(This article originally appeared on Axios on April 28)
For the past 20 years, Cisco Chairman John Chambers and Kleiner Perkins Chairman John Doerr have been bringing tech execs to Washington to meet with government officials about the issues Silicon Valley cares about, like corporate tax reform, high-skilled immigration and science education.
The biggest game-changer over the past two decades? Trump.
Between the lines: Despite the tech industry's overall skeptical view of Trump, two longtime Silicon Valley leaders see positive momentum for driving pro-business policies that will spur startup investment and, most of all, jobs.
"We realize we have to change — I think Republicans and Democrats know it. And we've finally got somebody who's going to be bold and go for it.... We've been through three presidencies in the past 20 years trying to get corporate tax rate changes. At least we're starting to move. The scary part is our counterparts around the world are moving much faster." — John Chambers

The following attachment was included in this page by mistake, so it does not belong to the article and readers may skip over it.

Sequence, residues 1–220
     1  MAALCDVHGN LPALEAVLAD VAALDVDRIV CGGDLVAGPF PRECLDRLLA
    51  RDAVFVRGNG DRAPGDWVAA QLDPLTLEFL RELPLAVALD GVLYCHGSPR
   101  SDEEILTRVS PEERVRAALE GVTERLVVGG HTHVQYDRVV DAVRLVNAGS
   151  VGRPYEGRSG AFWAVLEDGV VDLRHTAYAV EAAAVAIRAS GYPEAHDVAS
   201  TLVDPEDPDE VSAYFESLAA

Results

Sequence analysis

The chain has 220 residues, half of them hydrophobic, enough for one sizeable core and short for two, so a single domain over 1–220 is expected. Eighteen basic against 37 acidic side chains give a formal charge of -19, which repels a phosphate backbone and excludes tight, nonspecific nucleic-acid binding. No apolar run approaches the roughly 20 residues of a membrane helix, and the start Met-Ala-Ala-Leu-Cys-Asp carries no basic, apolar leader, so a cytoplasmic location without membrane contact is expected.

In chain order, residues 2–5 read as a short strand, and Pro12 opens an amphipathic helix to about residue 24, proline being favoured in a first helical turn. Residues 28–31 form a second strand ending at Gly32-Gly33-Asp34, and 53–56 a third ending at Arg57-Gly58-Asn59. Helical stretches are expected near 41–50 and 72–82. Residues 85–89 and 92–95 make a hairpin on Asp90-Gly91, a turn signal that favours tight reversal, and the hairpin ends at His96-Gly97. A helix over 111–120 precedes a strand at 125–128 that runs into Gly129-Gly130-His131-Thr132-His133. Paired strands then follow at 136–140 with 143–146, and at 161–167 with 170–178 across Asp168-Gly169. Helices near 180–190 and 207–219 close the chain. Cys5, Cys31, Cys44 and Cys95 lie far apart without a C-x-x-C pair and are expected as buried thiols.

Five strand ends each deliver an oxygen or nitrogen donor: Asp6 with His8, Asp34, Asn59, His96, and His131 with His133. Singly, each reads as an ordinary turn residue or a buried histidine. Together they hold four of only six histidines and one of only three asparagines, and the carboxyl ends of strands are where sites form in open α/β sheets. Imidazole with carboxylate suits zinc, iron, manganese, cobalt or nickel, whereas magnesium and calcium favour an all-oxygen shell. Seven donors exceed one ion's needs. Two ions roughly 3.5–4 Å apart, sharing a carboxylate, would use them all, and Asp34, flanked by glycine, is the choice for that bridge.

Chambers and Doerr said they're most optimistic about:
- Slashing corporate tax rates and bringing back overseas tax dollars
- Infrastructure package that includes broadband expansion funding
- High-skilled immigration that gives preference to foreign nationals who get advanced U.S. degrees in science or technology
Where there's still a lot of work to do:
- Increasing computer science and technology education for K-12 students
- Startup-friendly policies that help more entrepreneurs get funded and go public to drive GDP growth and jobs
- Modernizing government
Startups will be the major source of job growth. Generating 25-30 million jobs over the next 10 years will require 300-500 IPOs on the Nasdaq alone, Chambers said. Last year, there were only 90. "It's doable, but only if you get the startup engine moving dramatically faster," he said.